A Johns Hopkins physician who studies the effect of racial differences in the examining room and an environmental geographer at the University of Maryland who uses satellites to map tropical deforestation are among the latest recipients of MacArthur "genius" grants.
Dr. Lisa A. Cooper of Columbia and Ruth DeFries of Washington will receive $500,000 each over the next five years to use however they see fit - no strings attached.
They are among 24 winners of this year's MacArthur Fellows Program grants - chosen for their creativity, the originality of their work and their potential to make important contributions in their fields.
Other recipients include a forensic anthropologist investigating crimes against humanity in Argentina, a short-story author in Illinois, a water-quality engineer at Virginia Tech, a spider silk biologist in California and an explosives engineer in New Mexico.
MacArthur nominations are supposed to be secret. But the 44-year-old Cooper, an internist, epidemiologist and professor of general internal medicine, got wind of hers well in advance. "Somebody leaked word to me last year that I'd been nominated," she said.
Although she was the sixth MacArthur recipient to win while working at Hopkins, she said she had never heard of the grants before learning about the nomination.
"I looked it up, and said, 'Wow!'" she recalled, but when months passed with no more news, she forgot about the whole thing. "When I got the phone call this week, I thought someone was trying to play a joke on me," she said.
Although research on racial disparities in medical care have traditionally focused on access to doctors, Cooper found additional reasons for the problem: black patients are less likely to trust their doctors and less likely to challenge authority and ask questions than white patients.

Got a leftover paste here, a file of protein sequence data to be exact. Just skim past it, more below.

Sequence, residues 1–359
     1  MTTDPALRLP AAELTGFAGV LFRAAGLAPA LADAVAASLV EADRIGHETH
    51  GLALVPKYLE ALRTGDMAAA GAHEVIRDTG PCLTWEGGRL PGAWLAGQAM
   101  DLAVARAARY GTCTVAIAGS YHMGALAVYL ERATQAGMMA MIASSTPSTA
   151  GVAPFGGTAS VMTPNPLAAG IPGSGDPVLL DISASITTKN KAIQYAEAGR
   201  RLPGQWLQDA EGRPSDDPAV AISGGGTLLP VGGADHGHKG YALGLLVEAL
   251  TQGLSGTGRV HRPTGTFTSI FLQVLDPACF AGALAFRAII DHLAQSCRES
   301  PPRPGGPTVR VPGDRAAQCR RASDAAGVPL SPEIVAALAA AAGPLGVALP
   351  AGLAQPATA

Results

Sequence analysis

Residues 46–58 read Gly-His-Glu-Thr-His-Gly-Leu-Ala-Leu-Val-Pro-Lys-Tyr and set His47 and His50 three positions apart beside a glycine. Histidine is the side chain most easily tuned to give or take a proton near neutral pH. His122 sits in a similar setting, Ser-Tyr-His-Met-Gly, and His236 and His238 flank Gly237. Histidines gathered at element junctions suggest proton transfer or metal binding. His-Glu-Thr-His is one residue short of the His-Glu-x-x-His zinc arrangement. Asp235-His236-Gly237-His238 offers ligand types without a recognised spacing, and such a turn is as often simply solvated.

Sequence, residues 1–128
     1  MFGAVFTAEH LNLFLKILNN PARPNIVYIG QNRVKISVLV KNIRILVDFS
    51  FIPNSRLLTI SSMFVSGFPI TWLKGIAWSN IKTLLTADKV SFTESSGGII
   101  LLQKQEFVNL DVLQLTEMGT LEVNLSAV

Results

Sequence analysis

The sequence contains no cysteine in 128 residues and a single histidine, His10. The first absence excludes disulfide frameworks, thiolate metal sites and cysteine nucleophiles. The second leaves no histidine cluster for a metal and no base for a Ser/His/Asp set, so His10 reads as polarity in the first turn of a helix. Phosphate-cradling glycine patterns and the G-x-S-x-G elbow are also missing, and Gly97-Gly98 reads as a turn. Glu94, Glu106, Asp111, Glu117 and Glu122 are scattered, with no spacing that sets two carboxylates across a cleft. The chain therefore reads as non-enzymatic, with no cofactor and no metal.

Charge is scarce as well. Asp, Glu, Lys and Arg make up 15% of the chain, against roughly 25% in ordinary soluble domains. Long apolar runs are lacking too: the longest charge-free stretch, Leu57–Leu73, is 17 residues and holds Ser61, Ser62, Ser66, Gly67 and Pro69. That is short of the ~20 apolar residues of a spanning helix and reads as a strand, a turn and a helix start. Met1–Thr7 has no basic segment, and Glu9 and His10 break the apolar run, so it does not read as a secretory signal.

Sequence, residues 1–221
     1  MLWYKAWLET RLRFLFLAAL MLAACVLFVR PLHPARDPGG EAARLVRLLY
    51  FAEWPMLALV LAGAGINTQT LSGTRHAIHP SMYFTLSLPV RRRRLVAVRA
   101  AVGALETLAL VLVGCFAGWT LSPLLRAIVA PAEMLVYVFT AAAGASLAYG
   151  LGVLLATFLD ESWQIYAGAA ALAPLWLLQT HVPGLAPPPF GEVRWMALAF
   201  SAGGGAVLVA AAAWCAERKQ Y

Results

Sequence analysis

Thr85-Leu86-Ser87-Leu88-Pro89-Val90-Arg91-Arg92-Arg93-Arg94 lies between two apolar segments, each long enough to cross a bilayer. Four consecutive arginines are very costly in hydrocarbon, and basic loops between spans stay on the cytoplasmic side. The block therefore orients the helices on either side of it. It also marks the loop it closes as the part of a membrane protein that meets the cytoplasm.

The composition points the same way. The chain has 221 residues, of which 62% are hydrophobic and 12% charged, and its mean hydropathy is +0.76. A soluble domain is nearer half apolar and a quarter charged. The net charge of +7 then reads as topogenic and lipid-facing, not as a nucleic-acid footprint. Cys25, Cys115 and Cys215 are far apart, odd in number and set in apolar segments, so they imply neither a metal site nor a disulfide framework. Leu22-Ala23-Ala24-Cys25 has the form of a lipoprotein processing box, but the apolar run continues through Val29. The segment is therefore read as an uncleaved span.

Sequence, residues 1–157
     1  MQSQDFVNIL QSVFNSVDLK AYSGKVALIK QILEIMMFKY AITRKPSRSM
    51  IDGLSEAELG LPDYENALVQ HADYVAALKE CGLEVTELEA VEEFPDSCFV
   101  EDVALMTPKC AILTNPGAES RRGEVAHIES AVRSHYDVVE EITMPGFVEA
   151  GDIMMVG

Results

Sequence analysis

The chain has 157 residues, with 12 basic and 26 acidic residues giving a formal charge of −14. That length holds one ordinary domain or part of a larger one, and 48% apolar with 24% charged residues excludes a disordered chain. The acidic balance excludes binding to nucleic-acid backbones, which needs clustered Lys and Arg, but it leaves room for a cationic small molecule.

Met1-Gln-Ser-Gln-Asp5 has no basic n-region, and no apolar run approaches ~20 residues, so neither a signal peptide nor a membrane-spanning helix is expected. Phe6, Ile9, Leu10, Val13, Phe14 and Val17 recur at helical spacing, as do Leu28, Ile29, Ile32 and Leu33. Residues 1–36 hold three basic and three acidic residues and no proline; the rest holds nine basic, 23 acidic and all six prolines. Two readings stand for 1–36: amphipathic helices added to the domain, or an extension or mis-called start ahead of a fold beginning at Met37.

They're also more likely than whites to worry about personal privacy, addiction to antidepressant drugs and the potential for harmful experimentation.
Cooper said the MacArthur Fellows grants speak directly to a persistent problem academic researchers face obtaining funding. "Sometimes you have ideas that are just not in the mainstream. People think you're kind of crazy, and say, 'Why would you want to study that kind of population? It's too hard,'" she said.
The "no-strings" grants, she said, "mean somebody is willing to take a chance on you ... based on what you've done in the past; that you are promising enough that you'll deliver something on it. ... It's really exciting."
Dr. Edward D. Miller, dean and CEO of Johns Hopkins Medicine, said Cooper's work is "absolutely critical to the mission of delivering the benefits and advances in health care to all who need them."
Cooper grew up in Liberia, the daughter of a surgeon and a reference librarian. Schooled in Switzerland, she fled violence in Liberia in 1980 with her family.
She earned a bachelor's degree in chemistry from Emory University in Atlanta, and her M.D. from the University of North Carolina at Chapel Hill. She completed her internship and residency at the University of Maryland, and earned a master's in public health at Hopkins.
Cooper's research at Hopkins has focused on the cultural and social roots of disparities in health care outcomes among minorities.
"What we've shown is that there are differences in the communication process between minorities and whites" that appear to have an impact on medical outcomes, she explained. "Minority patients talk less, ask fewer questions and basically sound less assertive and interested when they're seeing [white] doctors."